Other changes

  • Transport: In previous years we have rented a minibus to transport the committee and the speakers around the country. This year we added a van to transport gear. Next year we will be adding more transport capacity for sponsor gear and people, but we’ll need them to pay based on the amount of space they need to cover the cost. This should significantly reduce the logistical burden on them.
  • Booth locations: In previous years we didn’t specify the booth positions at each venue. It was just another logistical thing to worry about and we tried to minimise logistical complications as much as possible. However, it’s fair to say it was a bit of a free-for-all at each venue in the morning and our sponsors have been clear that they would like booth locations to be chosen in advance. Fair cop. That’s what we’ll do. And as soon as you sign up you can pick your booth locations. That’s right, first come first served. Interested?
  • Scotland: We really want to take SQL Relay outside of England but Edinburgh, Glasgow, Belfast and Dublin (for example) are so far away it’s impractical. Cardiff is closer but we went regularly in recent years and after a fantastic Bristol event in 2017 we’d like to give the “Brizzle” crowd another crack at the whip. In an effort to resolve this conundrum we’ve decided to work closely with the folks at SQL GLA to support them to build on the momentum from their awesome 2017 event to put on a full day conference this year in Glasgow, about a month before SQL Relay. We’ll be helping with various logistical details behind the scenes and we’ll be offering great deals to sponsors who want to sponsor both events. This way we can contribute to the SQL community up in Scotland in a practical way but the Scots can take the lead.

So… About them swag bags

Honestly, what’s the point in them?

We've always done it that way...

We’ve always done it that way…

Perhaps it’s a SQL Relay thing? Let me tell you a story about swag bags at SQL Relay.

6 months before SQL Relay: I email sponsors telling them they need to send us 1,000 fliers for the swag bags.

2 months before SQL Relay: I remind sponsors we need their fliers. Also, could they let me know what cool swag they want to add to the swag bag?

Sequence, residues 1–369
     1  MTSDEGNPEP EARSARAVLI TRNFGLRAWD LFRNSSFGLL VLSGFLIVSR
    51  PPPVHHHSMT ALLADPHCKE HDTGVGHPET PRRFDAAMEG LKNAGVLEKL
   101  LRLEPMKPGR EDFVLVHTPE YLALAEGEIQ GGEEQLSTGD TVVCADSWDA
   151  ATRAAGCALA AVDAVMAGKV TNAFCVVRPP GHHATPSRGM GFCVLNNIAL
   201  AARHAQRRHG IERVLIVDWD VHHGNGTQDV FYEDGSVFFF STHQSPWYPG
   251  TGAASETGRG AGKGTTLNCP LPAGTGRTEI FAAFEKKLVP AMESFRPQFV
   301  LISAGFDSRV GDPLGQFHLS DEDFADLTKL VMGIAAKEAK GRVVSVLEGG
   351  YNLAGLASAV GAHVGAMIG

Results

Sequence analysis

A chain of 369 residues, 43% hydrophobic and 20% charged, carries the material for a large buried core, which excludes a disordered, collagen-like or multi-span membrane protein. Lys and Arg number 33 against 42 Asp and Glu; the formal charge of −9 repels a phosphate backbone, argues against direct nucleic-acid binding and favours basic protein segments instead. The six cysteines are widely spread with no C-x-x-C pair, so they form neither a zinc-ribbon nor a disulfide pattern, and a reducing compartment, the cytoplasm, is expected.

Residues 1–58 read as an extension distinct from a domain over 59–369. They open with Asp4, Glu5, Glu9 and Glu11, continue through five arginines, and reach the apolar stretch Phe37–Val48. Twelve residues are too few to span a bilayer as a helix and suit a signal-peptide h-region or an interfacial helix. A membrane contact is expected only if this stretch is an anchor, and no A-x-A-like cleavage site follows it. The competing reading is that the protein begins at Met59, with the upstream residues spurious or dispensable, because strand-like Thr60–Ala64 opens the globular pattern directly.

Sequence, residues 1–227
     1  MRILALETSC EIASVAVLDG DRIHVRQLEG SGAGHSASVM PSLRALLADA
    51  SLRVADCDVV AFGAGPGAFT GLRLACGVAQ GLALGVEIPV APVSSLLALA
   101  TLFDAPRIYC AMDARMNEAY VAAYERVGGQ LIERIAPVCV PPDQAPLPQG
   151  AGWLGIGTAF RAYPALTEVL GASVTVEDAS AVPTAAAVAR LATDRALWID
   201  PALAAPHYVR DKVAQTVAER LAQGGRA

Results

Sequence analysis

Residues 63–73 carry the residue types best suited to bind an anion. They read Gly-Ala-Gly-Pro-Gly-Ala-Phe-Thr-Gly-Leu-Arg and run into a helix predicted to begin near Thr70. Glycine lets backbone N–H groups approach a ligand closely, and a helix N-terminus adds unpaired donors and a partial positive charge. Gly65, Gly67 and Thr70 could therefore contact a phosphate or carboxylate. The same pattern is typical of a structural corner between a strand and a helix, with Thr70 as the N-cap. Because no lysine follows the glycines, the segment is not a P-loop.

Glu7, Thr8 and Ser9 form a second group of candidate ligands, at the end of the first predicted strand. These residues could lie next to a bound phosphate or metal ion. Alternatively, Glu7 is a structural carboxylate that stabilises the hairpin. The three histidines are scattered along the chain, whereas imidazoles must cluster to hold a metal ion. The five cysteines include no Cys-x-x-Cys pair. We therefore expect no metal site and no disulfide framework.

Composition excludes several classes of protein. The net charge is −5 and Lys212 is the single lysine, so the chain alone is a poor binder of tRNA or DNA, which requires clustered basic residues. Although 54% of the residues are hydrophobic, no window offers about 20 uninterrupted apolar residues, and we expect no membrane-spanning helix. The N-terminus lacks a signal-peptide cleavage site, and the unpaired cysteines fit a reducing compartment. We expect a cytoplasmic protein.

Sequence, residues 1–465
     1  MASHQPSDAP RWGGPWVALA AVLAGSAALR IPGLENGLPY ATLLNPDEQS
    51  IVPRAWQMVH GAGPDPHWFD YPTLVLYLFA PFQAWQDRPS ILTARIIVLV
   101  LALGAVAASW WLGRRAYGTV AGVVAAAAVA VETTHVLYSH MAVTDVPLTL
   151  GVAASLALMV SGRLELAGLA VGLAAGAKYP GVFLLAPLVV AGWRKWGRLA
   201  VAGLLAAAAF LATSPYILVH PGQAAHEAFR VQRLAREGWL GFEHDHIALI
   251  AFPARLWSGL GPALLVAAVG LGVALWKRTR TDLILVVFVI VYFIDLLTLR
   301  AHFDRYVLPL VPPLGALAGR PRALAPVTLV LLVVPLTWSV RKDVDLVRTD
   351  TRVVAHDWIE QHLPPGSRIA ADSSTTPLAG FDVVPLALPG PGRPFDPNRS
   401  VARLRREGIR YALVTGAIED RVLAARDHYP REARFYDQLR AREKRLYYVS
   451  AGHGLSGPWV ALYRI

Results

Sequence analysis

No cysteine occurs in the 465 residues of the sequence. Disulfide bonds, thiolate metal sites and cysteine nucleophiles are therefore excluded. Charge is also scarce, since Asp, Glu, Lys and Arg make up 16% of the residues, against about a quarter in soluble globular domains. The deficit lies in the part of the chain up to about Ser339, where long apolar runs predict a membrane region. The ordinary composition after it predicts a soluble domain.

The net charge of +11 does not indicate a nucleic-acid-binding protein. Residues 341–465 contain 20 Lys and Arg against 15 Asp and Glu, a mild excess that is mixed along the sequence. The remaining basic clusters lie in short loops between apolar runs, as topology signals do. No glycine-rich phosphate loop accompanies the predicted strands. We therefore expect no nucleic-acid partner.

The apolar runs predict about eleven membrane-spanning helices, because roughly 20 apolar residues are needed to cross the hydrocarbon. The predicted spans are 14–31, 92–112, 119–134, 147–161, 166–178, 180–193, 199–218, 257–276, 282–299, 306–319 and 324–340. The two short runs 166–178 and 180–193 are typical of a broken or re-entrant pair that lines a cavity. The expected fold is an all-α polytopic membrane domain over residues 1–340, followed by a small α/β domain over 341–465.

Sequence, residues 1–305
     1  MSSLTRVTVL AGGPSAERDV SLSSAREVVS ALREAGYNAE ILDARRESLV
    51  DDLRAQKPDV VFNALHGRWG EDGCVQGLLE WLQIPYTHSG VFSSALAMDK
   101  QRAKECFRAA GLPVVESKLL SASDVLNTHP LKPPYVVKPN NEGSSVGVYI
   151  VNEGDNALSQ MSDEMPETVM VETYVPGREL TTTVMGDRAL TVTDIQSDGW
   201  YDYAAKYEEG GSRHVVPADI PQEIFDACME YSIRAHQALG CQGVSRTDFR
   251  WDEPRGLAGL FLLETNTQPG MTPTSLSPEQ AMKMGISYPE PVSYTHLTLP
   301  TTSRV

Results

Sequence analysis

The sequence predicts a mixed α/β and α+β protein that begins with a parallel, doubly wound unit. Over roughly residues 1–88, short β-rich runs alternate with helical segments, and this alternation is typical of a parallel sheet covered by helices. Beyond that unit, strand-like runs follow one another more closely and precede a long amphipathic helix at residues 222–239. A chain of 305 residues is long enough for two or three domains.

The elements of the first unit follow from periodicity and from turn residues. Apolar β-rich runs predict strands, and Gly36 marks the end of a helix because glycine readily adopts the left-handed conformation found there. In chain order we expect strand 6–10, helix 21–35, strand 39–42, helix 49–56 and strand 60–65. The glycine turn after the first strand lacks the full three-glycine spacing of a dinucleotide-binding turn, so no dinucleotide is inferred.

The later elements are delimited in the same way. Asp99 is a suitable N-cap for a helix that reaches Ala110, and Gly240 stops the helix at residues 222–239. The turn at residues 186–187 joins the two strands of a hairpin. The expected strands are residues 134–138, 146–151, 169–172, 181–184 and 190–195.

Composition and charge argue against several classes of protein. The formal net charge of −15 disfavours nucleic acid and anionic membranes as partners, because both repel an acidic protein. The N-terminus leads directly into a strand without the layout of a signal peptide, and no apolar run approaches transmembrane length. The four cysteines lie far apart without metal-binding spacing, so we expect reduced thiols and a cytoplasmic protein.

2 weeks before SQL Relay: I ask sponsors when they will be sending their fliers and swag.

1 week before SQL Relay: The sponsors ask me how many fliers they need to send us. (1,000 please.) 1,000! But that’s loads. It’s going to cost an arm and a leg and a few acres of the Amazon rainforest. (Yeah, sorry.) OK, we’ll send it across. But we won’t be adding any other swag items to the bags. 1,000 bottle openers/USB sticks/bouncy balls/notepads will be too expensive. We’ll put them on our booth instead.

2 days before SQL Relay: We load up a van full of 1,000 fliers times 10ish sponsors and all the other gear. (That’s about as big as three Alex Whittleses and almost as heavy.)

Every day of SQL Relay: We start the day with a frantic panic as we cart several metric tonnes of fliers up fifteen flights of stairs and try to pack 200 bags with only 30 minutes before attendees walk through the door. (No, we can’t do it in advance. You think packing 10k tightly packaged fliers into a van is hard? Try unpacking them first and then repacking them into 1,000 plastic bags. Good luck.)

The result: 1,000 boring swag bags with no cool swag but lots of paper and plastic that will shortly end up in landfill. (Unless the venue has really big recycling bins and all the attendees neatly separate out the plastic and the paper).

I think during the whole 5 days of SQL Relay 2017 I only saw one or two attendees look in the bags.

Seriously, what’s the point?

Every sponsor I talked to about this idea of scrapping swag bags was relieved. They were excited about how they could reinvest the money saved on better swag for their booths and higher quality fliers that they’ll restrict the relevant people. And the organising committee are excited about how much simpler our logistics will be.

Some people raise the question about what about the people who want a bag to store the stuff they pick up from sponsors. Well, we might invest in fifty or a hundred nice hessian bags that we can give out on demand.

So, erm, yeah. I’m calling it on swag bags.

They’re rubbish.

(Oh, and we never did charge for lunch.)

Want to sponsor SQL Relay?

SQL Relay will be hitting 5 cities in England during October 2018.

If you want to sponsor us, email me:

However, you should know that we value our relationships with our sponsors and those relationships last more than one year. We won’t be taking on any new sponsors until SQL Bits to ensure that all our existing sponsors have an opportunity to renew their sponsorship first.